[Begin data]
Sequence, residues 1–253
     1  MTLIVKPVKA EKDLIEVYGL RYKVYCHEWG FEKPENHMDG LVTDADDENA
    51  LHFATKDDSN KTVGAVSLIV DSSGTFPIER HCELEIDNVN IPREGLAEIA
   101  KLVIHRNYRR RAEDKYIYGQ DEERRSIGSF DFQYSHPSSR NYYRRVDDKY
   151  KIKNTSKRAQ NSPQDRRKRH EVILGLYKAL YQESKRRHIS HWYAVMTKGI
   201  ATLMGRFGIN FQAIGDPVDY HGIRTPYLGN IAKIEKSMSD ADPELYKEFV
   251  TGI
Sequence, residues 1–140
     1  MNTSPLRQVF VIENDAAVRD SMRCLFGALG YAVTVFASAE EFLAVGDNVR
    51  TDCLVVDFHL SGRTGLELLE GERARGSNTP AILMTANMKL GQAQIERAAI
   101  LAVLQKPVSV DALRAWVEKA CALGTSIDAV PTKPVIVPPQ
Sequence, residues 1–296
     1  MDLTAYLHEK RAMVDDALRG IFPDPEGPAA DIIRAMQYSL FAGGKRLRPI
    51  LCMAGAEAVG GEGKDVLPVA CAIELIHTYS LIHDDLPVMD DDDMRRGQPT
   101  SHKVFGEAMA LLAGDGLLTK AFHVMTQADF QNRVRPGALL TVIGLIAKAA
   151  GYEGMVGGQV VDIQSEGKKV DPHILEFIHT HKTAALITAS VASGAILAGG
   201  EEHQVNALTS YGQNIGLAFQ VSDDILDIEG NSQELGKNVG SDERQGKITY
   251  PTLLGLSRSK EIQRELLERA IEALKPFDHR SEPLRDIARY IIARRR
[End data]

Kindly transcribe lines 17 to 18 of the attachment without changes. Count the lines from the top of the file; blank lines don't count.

   201  EEHQVNALTS YGQNIGLAFQ VSDDILDIEG NSQELGKNVG SDERQGKITY
   251  PTLLGLSRSK EIQRELLERA IEALKPFDHR SEPLRDIARY IIARRR